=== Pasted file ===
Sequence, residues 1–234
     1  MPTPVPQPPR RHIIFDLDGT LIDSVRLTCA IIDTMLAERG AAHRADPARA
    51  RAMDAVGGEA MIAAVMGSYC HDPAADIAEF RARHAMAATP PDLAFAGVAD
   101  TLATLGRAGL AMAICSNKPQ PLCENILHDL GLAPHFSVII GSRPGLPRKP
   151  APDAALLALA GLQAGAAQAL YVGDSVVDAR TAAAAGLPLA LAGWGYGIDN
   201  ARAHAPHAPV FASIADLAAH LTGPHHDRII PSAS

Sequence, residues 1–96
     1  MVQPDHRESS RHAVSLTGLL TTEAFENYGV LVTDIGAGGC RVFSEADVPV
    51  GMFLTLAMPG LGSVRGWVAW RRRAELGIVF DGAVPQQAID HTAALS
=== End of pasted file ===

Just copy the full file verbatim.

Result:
Sequence, residues 1–234
     1  MPTPVPQPPR RHIIFDLDGT LIDSVRLTCA IIDTMLAERG AAHRADPARA
    51  RAMDAVGGEA MIAAVMGSYC HDPAADIAEF RARHAMAATP PDLAFAGVAD
   101  TLATLGRAGL AMAICSNKPQ PLCENILHDL GLAPHFSVII GSRPGLPRKP
   151  APDAALLALA GLQAGAAQAL YVGDSVVDAR TAAAAGLPLA LAGWGYGIDN
   201  ARAHAPHAPV FASIADLAAH LTGPHHDRII PSAS

Sequence, residues 1–96
     1  MVQPDHRESS RHAVSLTGLL TTEAFENYGV LVTDIGAGGC RVFSEADVPV
    51  GMFLTLAMPG LGSVRGWVAW RRRAELGIVF DGAVPQQAID HTAALS